Higher Learning
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Higher Learning

Reading Between the Lines

Why critical literacy in college is everything.

Photo by Seven Shooter on Unsplash

Reading is one of the most essential — and under-appreciated — skills for college students. It’s also one of the easiest to do poorly.

When we skim, when we read with tired eyes, when we don’t take notes or highlight key points or make meaning maps, when we don’t jot down our questions, when we neglect to mentally engage the reading as we go through it, we miss the opportunity to actually be enriched. It’s like watching a movie while holding a conversation, or running errands, or playing a video game, or sleeping, or… reading for class… at the same time. You’ll only catch parts of the film plot and won’t have a solid understanding of what’s going on.

Time management is definitely a guilty accomplice here. Lack of motivation can be coupled in as well, particularly now as many college students deal with a remote college experience that no one asked for. When you let your assignments pile up to the last minute, it’s much more difficult to practice the most effective reading techniques. These quick tips below will address time, purpose, and skills to help you get more done.

  1. Read fresh. Definitely don’t wait until the end of the day to crack open your books or scroll through PDFs. Also don’t plan on getting started the day before you need to have a few chapters read. Give yourself the time to do a good job.
  2. Write now. Jot down key points or questions right on the page of the book (if it’s yours) or add them to a sheet of notebook paper or Google doc. You can also make digital highlights or sticky notes on virtual docs. Make these notes brief so you can archive the question or thought quickly and not overly disrupt your reading flow. Consider this a core part of your critical reading, not extra work or a distraction.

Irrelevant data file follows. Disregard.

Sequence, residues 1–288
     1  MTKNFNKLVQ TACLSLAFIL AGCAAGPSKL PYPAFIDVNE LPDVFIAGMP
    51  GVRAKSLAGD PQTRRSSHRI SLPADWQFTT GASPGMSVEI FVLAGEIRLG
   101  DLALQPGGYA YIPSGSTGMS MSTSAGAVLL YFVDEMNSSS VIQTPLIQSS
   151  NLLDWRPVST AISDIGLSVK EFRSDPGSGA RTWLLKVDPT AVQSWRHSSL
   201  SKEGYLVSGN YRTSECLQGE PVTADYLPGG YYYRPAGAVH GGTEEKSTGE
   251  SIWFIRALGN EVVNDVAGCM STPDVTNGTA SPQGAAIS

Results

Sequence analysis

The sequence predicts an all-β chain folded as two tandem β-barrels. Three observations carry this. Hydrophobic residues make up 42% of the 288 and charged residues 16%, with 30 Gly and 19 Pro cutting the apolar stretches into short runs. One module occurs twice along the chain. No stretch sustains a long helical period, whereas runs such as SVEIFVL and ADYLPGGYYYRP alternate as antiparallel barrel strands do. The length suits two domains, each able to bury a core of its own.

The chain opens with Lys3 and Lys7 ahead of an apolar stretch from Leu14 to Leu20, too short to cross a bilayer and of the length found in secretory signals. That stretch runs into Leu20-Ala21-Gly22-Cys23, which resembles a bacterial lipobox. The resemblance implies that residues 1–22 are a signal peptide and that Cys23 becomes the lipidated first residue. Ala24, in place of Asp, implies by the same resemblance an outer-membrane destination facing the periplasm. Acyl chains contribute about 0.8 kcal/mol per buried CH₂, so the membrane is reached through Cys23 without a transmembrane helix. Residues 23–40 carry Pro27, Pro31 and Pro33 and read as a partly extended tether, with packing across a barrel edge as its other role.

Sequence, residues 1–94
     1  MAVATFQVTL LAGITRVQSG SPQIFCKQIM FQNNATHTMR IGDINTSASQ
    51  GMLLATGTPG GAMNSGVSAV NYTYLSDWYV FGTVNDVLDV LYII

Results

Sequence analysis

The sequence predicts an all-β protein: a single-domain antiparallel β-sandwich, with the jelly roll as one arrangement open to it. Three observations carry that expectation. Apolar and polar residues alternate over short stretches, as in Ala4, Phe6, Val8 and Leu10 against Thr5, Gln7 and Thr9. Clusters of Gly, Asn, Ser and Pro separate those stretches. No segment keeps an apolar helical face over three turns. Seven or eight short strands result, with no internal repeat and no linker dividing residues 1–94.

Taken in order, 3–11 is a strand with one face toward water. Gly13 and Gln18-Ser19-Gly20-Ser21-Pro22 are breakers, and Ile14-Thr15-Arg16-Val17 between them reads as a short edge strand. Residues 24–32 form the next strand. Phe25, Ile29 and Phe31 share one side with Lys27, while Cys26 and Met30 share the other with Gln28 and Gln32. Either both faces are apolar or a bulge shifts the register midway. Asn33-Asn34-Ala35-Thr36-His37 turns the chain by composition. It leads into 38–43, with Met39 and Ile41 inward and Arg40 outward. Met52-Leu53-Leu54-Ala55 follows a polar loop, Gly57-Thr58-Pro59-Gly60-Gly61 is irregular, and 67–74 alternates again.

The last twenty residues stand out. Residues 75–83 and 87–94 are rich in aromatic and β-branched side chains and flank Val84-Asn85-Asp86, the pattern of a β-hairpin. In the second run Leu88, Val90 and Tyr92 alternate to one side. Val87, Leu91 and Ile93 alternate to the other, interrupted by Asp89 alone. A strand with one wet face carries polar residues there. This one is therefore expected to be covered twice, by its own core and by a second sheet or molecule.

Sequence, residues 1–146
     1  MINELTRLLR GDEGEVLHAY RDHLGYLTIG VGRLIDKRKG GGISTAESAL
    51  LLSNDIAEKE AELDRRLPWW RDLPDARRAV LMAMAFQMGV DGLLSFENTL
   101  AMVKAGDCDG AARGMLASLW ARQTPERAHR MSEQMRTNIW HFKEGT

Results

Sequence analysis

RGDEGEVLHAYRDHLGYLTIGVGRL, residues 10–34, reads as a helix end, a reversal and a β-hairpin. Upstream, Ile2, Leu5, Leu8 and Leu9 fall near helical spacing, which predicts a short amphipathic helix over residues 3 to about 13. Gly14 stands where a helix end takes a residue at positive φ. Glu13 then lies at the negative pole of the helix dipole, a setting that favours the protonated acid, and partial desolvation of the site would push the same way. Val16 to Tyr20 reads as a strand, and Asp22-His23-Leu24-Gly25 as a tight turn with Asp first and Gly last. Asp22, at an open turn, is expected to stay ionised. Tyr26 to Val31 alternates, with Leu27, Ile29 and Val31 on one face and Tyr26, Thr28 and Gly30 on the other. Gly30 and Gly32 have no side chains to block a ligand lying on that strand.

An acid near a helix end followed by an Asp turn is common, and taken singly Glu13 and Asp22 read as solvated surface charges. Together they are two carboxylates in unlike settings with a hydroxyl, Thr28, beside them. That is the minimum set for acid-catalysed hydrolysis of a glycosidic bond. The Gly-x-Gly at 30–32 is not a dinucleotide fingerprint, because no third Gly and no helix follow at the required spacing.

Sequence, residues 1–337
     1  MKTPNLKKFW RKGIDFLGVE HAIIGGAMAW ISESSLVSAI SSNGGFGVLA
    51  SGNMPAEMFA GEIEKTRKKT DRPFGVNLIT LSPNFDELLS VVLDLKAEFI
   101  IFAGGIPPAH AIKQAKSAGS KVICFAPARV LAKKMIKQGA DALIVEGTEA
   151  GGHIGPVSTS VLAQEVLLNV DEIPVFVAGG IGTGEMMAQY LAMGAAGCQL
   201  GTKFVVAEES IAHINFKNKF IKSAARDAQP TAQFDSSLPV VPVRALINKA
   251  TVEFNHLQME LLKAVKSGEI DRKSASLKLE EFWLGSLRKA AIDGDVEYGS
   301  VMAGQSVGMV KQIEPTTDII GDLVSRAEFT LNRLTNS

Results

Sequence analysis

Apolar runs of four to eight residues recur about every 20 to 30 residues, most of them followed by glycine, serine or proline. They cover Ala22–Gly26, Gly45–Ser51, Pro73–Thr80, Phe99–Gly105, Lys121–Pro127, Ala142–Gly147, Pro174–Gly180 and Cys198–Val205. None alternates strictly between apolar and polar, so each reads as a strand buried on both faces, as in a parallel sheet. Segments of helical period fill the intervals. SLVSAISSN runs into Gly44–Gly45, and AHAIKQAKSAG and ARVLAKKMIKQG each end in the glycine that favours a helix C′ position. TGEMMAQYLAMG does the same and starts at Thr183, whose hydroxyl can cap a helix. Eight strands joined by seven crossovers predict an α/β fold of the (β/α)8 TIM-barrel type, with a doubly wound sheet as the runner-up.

3. Take breaks. Don’t plan on sitting down and reading for several hours straight through. Break your assignments into chunks and spread them out over a few days (this is why taking notes as you go is key, allowing you to quickly review and pick up where you left off). Your eyes and your brain can only take in so much information at a time. Late, rushed, and/or crammed reading also won’t boost your confidence, and will instead have you slipping into worse habits, potentially skipping readings altogether.
  4. Reflect / recap. What did you just read in today’s chunk? What were the main ideas? What questions did you have, or what didn’t you fully understand? How could this information show up on your next exam or be used in your research paper or reflection? Taking 5–10 minutes after reading to write down a short summary will help cement the information in your brain and allow you to strategize next steps.
  5. Choose wisely. Not every reading assignment will need a close read. You’ll get a sense of which classes and which articles / chapters can be done with a quick look, and which will need a deeper dive. That said, there are also moments when you should be reading well beyond the syllabus. Research papers, for example, require you to pull insights from a range of sources. Invest the time and appreciate the learning opportunity.

Again, we didn’t plan on you ever doing college from home, but this is what we’re doing, and the most we can do is find the silver linings. As best as you can, use this opportunity to reinvent your love of learning. There’s a good chance that you have the time, so be intentional about going deeper, correcting poor habits, and taking your reading further. Here’s a bonus tip: weave some personal reading and/or writing into your routine. This may deepen your purpose and give you more to look forward to.

Better reading changes everything. So keep at it, and go higher!




Go. Grow. Graduate. Change the world. Now is the time to go higher. www.learnhigher.com

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Brian Peterson

Brian Peterson

I am a husband, father, writer, educator, and generator of ideas. Working on my follow through. Latest book, Higher Learning, out now at learnhigher.com.

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